An Earlier Era: Goals-Oriented Curriculum

Prior to the approval of the first Common Course of Study in 1991, students pursuing the bachelor of arts degree were required to complete a set of courses referred to as the “goals-oriented curriculum.”
The description from the May 1991 Lafayette College Prospectus:
[This curriculum] assures that students acquire competence in written English, an appreciation of artistic expression, a knowledge of foreign culture, and an understanding of symbolic and quantitative reasoning, and scientific and humanistic inquiry.

  • Writing across the curriculum, a requirement that each student pursuing the A.B. curriculum select two English courses and five courses from any discipline (history, biology, religion, etc.) that require substantial amounts of writing.
  • Mathematica, a special computer algebra system that enables students to concentrate on exploring the ideas introduced in course work, rather than the computational work—that is, to learn quickly how calculus works, and then to move on to learning what calculus can be used to accomplish.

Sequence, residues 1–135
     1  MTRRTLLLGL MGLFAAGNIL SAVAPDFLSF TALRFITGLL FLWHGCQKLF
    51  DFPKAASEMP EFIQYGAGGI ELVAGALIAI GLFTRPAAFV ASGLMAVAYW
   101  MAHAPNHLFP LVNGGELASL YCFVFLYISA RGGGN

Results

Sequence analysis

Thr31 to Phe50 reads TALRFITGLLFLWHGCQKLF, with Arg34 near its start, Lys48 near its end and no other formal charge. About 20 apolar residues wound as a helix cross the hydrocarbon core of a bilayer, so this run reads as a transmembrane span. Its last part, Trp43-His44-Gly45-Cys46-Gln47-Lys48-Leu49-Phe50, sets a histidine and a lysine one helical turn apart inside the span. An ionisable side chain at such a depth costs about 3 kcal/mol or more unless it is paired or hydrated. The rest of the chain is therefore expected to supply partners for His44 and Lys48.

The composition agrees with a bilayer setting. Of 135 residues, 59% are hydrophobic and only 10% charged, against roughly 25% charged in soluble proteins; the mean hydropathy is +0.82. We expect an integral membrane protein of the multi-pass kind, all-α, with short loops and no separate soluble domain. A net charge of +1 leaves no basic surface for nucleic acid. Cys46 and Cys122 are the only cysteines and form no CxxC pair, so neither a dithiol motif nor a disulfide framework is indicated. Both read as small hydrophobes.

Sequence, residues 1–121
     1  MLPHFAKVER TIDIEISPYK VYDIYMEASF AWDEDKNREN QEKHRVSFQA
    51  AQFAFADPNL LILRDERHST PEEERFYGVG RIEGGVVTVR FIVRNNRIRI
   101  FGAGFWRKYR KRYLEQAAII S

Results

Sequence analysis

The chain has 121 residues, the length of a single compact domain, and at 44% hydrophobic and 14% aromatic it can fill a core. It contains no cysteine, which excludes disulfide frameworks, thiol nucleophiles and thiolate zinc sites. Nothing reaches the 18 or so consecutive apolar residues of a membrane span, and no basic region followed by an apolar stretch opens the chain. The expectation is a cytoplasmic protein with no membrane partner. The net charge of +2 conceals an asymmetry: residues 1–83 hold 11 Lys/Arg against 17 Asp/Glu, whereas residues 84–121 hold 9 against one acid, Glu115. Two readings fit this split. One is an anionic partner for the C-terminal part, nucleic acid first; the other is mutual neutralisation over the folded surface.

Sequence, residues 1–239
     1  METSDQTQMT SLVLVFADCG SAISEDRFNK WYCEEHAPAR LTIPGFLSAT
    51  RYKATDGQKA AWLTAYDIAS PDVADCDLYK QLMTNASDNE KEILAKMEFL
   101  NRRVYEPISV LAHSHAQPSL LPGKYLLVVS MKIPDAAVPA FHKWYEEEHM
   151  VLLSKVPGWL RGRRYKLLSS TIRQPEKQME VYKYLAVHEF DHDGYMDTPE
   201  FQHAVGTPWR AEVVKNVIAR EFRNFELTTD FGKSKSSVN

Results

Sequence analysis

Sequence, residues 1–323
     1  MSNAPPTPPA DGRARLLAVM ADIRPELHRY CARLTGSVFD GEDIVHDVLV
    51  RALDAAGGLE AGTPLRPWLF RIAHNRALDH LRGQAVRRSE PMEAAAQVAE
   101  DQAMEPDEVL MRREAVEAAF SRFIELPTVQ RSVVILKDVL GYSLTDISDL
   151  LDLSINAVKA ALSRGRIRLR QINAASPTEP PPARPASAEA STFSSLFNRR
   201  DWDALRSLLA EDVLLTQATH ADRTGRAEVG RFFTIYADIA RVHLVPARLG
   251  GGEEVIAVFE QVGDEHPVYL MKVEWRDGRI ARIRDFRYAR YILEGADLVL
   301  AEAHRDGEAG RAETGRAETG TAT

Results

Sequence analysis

• Senior Colloquia courses, multidisciplinary and wide-ranging explorations of issues of significant impact on contemporary society. Recent colloquia course topics have been the development of the bomber and the concept of the decisive weapon; the cultural importance of television; medical ethics; and the nature of technological catastrophe.
  • Departmental honors programs, which allow students to earn honors by carrying out projects of outstanding scholarship and defending their work in oral examination.